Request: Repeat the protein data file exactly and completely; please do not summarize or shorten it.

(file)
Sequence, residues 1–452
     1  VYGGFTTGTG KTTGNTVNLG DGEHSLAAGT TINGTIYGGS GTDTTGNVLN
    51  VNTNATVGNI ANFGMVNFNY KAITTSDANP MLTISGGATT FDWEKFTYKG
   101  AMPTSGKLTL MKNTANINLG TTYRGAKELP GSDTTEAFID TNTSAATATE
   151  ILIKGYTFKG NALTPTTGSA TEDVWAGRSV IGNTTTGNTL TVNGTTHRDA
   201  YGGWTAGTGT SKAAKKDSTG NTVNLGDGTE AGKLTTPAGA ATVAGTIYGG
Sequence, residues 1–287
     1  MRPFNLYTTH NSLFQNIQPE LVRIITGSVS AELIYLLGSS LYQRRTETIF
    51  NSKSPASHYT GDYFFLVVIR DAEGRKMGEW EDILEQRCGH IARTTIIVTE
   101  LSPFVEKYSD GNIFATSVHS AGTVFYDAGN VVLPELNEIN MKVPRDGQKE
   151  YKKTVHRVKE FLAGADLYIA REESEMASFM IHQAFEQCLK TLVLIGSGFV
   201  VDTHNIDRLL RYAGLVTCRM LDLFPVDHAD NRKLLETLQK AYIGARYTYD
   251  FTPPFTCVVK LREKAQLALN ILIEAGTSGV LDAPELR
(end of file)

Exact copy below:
Sequence, residues 1–452
     1  VYGGFTTGTG KTTGNTVNLG DGEHSLAAGT TINGTIYGGS GTDTTGNVLN
    51  VNTNATVGNI ANFGMVNFNY KAITTSDANP MLTISGGATT FDWEKFTYKG
   101  AMPTSGKLTL MKNTANINLG TTYRGAKELP GSDTTEAFID TNTSAATATE
   151  ILIKGYTFKG NALTPTTGSA TEDVWAGRSV IGNTTTGNTL TVNGTTHRDA
   201  YGGWTAGTGT SKAAKKDSTG NTVNLGDGTE AGKLTTPAGA ATVAGTIYGG
Sequence, residues 1–287
     1  MRPFNLYTTH NSLFQNIQPE LVRIITGSVS AELIYLLGSS LYQRRTETIF
    51  NSKSPASHYT GDYFFLVVIR DAEGRKMGEW EDILEQRCGH IARTTIIVTE
   101  LSPFVEKYSD GNIFATSVHS AGTVFYDAGN VVLPELNEIN MKVPRDGQKE
   151  YKKTVHRVKE FLAGADLYIA REESEMASFM IHQAFEQCLK TLVLIGSGFV
   201  VDTHNIDRLL RYAGLVTCRM LDLFPVDHAD NRKLLETLQK AYIGARYTYD
   251  FTPPFTCVVK LREKAQLALN ILIEAGTSGV LDAPELR